Obviously, everyone is innocent until proven guilty, but this does not look good.

Friday, November 21, 2008

The More Things Change The More They Stay The Same

Guest Perspective by Ralph Nader

While the liberal intelligentsia was swooning over Barack Obama during his presidential campaign, I counseled “prepare to be disappointed.” His record as a Illinois state and U.S. Senator, together with the many progressive and long overdue courses of action he opposed during his campaign, rendered such a prediction unfortunate but obvious.

Now this same intelligentsia is beginning to howl over Obama’s transition team and early choices to run his Administration. Having defeated Senator Hillary Clinton in the Democratic Primaries, he now is busily installing Bill Clinton’s old guard. Thirty one out of forty seven people that he has named so far for transition or appointments have ties to the Clinton Administration, according to Politico. One Clintonite is quoted in the Washington Post as saying – “This isn’t lightly flavored with Clintons. This is all Clintons, all the time.”

Obama’s “foreign policy team is now dominated by the Hawkish, old-guard Democrats of the 1990,” writes Jeremy Scahill. Obama’s transition team reviewing intelligence agencies and recommending appointments is headed by John Brennan and Jami Miscik, who worked under George Tenet when the CIA was involved in politicizing intelligence for, among other officials, Secretary of State Colin Powell’s erroneous address before the United Nations calling for war against Iraq.

Mr. Brennan, as a government official, supported warrantless wiretapping and extraordinary rendition to torturing countries. National Public Radio reported that Obama’s reversal when he voted for the revised FISA this year relied on John Brennan’s advise.

For more detail on these two advisers and others recruited by Obama from the dark old days, see Democracy Now, November 17, 2008 ( and Jeremy Scahill, AlterNet, Nov. 20, 2008 “This is Change? 20 Hawks, Clintonites and Neocons to Watch for in Obama’s White House.”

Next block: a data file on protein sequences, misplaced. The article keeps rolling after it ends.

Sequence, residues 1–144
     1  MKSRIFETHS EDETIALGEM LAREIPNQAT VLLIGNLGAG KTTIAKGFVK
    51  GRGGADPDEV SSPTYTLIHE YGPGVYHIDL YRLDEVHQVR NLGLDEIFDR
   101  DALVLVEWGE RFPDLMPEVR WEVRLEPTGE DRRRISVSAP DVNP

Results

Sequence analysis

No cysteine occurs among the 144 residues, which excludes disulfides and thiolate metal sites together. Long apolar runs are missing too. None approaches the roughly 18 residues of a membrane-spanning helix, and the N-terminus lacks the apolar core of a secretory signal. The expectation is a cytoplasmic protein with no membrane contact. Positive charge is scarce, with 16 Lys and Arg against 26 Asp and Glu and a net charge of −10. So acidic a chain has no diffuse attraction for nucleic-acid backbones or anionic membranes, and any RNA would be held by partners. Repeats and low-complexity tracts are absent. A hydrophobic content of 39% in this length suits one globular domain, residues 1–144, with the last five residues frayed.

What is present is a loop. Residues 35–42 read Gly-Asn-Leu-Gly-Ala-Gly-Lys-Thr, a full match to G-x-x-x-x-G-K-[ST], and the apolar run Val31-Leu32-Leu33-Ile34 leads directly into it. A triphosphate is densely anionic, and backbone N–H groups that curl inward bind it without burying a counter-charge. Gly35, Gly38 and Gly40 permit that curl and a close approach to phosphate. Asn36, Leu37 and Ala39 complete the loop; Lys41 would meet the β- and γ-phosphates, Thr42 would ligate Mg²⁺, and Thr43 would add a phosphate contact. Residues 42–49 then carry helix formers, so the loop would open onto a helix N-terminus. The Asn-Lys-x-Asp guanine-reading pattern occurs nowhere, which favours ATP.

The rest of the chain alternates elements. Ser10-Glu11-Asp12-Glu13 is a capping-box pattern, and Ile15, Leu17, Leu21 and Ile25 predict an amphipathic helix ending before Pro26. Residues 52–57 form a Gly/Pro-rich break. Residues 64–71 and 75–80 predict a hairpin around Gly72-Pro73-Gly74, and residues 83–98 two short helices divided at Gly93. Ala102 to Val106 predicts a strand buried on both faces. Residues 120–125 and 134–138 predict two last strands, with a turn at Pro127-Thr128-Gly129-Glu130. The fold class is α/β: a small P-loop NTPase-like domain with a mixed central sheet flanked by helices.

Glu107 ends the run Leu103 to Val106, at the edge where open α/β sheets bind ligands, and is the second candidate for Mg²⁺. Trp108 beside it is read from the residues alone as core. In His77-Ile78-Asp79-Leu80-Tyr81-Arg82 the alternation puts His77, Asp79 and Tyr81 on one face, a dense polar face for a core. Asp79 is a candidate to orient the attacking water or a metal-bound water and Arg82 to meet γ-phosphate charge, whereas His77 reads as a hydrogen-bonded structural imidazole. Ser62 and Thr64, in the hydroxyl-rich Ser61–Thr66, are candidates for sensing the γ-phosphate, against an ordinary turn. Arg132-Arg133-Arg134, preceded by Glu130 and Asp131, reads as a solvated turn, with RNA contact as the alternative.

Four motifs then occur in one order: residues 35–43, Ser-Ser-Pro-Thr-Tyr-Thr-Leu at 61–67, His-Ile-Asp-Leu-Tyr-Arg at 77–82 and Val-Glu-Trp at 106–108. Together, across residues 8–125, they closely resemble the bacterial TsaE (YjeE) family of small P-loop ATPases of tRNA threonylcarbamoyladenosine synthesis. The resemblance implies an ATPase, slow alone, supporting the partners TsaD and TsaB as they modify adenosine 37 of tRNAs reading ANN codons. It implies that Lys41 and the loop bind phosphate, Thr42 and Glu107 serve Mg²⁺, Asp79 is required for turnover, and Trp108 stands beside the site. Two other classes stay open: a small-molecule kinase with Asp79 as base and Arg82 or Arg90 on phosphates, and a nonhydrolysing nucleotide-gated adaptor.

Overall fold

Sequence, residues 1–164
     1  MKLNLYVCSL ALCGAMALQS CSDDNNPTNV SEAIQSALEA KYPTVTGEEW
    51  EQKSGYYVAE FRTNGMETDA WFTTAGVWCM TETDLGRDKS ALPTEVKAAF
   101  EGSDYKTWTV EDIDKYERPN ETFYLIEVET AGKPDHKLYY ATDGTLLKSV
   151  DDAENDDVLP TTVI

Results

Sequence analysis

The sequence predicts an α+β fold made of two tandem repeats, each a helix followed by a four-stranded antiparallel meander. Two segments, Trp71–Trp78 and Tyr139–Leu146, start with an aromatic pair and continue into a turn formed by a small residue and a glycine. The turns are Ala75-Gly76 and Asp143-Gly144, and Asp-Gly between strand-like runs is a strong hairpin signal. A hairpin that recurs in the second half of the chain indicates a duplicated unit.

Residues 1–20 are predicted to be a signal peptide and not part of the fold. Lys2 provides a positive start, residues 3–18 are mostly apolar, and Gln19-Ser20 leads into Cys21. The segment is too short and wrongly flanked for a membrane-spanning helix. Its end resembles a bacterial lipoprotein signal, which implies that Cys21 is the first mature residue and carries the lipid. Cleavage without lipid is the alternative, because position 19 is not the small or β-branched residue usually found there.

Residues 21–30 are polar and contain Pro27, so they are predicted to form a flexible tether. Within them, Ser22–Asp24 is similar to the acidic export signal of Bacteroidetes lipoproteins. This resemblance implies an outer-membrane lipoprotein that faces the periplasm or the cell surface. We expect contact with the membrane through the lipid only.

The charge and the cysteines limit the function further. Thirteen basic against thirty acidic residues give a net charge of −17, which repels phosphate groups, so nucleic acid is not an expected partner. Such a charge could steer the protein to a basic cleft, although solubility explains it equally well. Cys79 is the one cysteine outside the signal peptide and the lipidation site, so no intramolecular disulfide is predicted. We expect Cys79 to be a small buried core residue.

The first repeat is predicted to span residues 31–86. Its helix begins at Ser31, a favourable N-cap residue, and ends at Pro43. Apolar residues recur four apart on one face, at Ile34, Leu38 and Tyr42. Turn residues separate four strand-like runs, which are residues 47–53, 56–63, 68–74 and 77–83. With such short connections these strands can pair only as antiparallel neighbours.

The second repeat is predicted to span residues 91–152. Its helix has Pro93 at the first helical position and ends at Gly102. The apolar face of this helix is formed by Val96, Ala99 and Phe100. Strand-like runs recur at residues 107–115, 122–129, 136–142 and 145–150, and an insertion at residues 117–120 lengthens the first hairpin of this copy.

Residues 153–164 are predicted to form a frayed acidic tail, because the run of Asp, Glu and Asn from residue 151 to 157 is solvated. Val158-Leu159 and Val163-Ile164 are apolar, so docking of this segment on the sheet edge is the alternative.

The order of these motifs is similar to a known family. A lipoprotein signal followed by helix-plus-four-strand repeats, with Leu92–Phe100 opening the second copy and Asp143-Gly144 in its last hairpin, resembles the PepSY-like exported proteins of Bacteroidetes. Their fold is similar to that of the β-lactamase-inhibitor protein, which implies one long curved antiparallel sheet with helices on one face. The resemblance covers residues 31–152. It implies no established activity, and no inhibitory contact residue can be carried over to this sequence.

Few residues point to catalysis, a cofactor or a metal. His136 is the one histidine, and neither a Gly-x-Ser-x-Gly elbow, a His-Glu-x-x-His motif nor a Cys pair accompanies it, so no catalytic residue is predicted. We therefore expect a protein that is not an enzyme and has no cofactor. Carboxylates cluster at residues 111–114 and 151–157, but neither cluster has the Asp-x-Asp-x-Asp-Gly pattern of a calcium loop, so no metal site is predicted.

The top choice as White House chief of staff is Rahm Emanuel—the ultimate hard-nosed corporate Democrat, military-foreign policy hawk and Clinton White House promoter of corporate globalization, as in NAFTA and the World Trade Organization.

Now, recall Obama’s words during the bucolic “hope and change” campaign months: “The American people…understand the real gamble is having the same old folks doing things over and over and over again and somehow expecting a different result.” Thunderous applause followed these remarks.

“This is more ‘Groundhog Day’ then a fresh start,” asserted Peter Wehner, a former Bush adviser who is now at the Ethics and Public Policy Center.

The signs are amassing that Barack Obama put a political con job over on the American people. He is now daily buying into the entrenched military-industrial complex that President Eisenhower warned Americans about in his farewell address.

With Robert Rubin on his side during his first photo opportunity after the election, he signaled to Wall Street that his vote for the $750 billion bailout of those speculators and crooks was no fluke (Rubin was Clinton’s financial deregulation architect in 1999 as Secretary of the Treasury before he became one of the hugely paid co-directors tanking Citigroup.)

Obama’s apologists say that his picks show he wants to get things done, so he wants people who know their way around Washington. Moreover, they say, the change comes only from the president who sets the priorities and the courses of action, not from his subordinates. This explanation assumes that a president’s appointments are not mirror images of the boss’s expected directions but only functionaries to carry out the Obama changes.

If you are inclined to believe this improbable scenario, perhaps you may wish to review Obama’s record compiled by Matt Gonzalez at Counterpunch (

Friday morning quick hits ...

Let's see if I can get through this in about 5 minutes 'cause that's all the time I have for this ...

First, local talker Arnie Arnesen loses another radio show: ["Plug pulled on Arnesen’s radio show"]. What is this, like six or seven? When is she going to save up the money to buy a station so she'll never get kicked off again? Prices are really, really low right now for radio stations. Seriously though, while I don't always agree with her and I don't like the fact that she won't let anyone else get a word in, Arnie is good radio. She brings up a lot of important points and should be on the air, especially in our state. Here's hoping she gets on the air again soon.

I posted this on the NNE board the other day: ["Second life for Jennifer Horn?"]. I was hoping someone from the New Hampshire radio scene would know what Horn was doing on the air at WTPL the other day. No bites yet though. For those of you that don't know, Horn was the Republican nominee for Congress for CD2 here in New Hampshire. She got spanked. Now she's on the radio again.